plasmacel - 1 year ago 39

C++ Question

I'm experimenting with the generated assembly and found an interesting thing.

There are two function doing an identical computation. The only difference between them is the way how the results are summed together.

`#include <cmath>`

double func1(double x, double y)

{

double result1;

double result2;

if (x*x < 0.0) result1 = 0.0;

else

{

result1 = x*x+x+y;

}

if (y*y < 0.0) result2 = 0.0;

else

{

result2 = y*y+y+x;

}

return (result1 + result2) * 40.0;

}

double func2(double x, double y)

{

double result = 0.0;

if (x*x >= 0.0)

{

result += x*x+x+y;

}

if (y*y >= 0.0)

{

result += y*y+y+x;

}

return result * 40.0;

}

The assembly generated by x86 clang 3.7 with

`-O2`

`.LCPI0_0:`

.quad 4630826316843712512 # double 40

func1(double, double): # @func1(double, double)

movapd %xmm0, %xmm2

mulsd %xmm2, %xmm2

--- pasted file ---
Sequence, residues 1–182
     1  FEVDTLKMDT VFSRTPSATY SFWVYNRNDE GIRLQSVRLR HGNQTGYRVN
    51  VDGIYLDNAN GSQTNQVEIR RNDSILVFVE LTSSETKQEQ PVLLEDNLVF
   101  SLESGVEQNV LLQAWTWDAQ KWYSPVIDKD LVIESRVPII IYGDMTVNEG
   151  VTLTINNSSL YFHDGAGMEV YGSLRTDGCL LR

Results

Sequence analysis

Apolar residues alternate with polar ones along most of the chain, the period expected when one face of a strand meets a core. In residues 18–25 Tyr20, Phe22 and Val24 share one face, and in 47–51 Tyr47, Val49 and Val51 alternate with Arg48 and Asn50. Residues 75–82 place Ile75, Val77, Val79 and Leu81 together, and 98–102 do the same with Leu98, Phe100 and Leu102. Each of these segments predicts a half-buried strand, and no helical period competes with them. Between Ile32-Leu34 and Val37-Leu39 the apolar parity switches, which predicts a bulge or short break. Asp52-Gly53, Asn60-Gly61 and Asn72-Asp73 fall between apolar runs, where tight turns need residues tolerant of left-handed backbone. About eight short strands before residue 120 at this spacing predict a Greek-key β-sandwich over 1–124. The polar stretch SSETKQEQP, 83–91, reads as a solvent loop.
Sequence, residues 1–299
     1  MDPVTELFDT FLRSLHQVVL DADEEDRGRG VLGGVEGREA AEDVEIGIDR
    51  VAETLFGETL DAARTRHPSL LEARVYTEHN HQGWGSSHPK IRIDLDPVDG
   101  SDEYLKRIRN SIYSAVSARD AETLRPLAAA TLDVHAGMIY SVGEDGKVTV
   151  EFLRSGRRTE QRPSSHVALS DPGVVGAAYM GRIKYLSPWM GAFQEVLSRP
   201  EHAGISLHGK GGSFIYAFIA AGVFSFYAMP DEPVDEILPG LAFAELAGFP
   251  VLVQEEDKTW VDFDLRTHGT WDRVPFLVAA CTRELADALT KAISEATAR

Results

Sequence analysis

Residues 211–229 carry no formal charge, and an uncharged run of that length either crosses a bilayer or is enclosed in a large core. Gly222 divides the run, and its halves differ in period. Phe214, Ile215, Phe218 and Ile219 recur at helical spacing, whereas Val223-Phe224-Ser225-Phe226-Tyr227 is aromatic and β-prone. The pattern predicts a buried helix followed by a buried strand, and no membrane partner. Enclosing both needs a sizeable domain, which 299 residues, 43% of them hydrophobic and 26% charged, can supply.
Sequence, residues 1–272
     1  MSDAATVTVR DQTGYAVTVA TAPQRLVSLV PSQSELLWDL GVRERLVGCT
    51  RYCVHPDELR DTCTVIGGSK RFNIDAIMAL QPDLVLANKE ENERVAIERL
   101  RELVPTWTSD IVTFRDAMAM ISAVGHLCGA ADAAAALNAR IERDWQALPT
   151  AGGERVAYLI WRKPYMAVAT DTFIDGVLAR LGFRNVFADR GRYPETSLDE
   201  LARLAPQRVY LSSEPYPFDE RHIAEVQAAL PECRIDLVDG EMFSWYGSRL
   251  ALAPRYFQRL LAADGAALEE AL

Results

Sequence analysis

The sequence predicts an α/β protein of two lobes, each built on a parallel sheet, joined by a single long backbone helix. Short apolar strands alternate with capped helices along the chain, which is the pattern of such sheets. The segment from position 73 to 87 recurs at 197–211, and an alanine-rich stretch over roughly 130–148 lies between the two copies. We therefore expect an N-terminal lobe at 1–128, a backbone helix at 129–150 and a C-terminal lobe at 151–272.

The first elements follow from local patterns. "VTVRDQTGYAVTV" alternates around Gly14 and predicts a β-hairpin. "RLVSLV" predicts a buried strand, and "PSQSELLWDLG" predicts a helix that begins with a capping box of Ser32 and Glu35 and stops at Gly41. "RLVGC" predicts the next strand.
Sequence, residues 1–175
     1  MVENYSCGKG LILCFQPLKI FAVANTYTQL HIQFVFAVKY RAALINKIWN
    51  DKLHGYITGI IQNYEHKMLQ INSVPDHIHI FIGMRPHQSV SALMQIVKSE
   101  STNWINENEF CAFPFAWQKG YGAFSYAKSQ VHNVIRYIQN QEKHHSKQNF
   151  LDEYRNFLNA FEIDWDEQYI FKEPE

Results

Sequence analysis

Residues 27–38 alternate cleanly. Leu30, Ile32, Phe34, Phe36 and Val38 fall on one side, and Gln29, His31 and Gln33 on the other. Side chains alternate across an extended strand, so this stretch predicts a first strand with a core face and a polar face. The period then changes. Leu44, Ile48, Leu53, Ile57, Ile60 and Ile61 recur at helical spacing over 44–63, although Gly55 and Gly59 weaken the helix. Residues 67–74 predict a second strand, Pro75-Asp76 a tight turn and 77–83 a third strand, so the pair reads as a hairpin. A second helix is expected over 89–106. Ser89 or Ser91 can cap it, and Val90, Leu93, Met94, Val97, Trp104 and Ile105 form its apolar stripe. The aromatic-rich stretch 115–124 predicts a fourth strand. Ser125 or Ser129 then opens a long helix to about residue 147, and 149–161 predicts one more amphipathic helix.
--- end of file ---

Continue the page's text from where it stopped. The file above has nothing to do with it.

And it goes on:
addsd %xmm0, %xmm2

addsd %xmm1, %xmm2

movapd %xmm1, %xmm3

mulsd %xmm3, %xmm3

addsd %xmm1, %xmm3

addsd %xmm0, %xmm3

addsd %xmm3, %xmm2

mulsd .LCPI0_0(%rip), %xmm2

movapd %xmm2, %xmm0

retq

.LCPI1_0:

.quad 4630826316843712512 # double 40

func2(double, double): # @func2(double, double)

movapd %xmm0, %xmm2

movapd %xmm2, %xmm4

mulsd %xmm4, %xmm4

xorps %xmm3, %xmm3

ucomisd %xmm3, %xmm4

xorpd %xmm0, %xmm0

jb .LBB1_2

addsd %xmm2, %xmm4

addsd %xmm1, %xmm4

xorpd %xmm0, %xmm0

addsd %xmm4, %xmm0

.LBB1_2:

movapd %xmm1, %xmm4

mulsd %xmm4, %xmm4

ucomisd %xmm3, %xmm4

jb .LBB1_4

addsd %xmm1, %xmm4

addsd %xmm2, %xmm4

addsd %xmm4, %xmm0

.LBB1_4:

mulsd .LCPI1_0(%rip), %xmm0

retq

`func1`

`func2`

`func2`

`func1`

Can someone explain this behavior?

Answer Source

The reason for this behaviour of the comparison operators `<`

or `>=`

differs whether your `double`

is `NaN`

or not a `NaN`

. All comparisons where one of the operands is `NaN`

return `false`

. So your `x*x < 0.0`

will *always* be false regardless of whether `x`

is `NaN`

or not. So the compiler can safely optimize this away. However, the case of `x * x >= 0`

will behave differently for `NaN`

and non-`NaN`

values, thus the compiler leaves the conditional jumps in the assembly.

This is what cppreference says about comparing with NaNs involved:

the values of the operands after conversion are compared in the usual mathematical sense (except that positive and negative zeroes compare equal and any comparison involving a NaN value returns zero)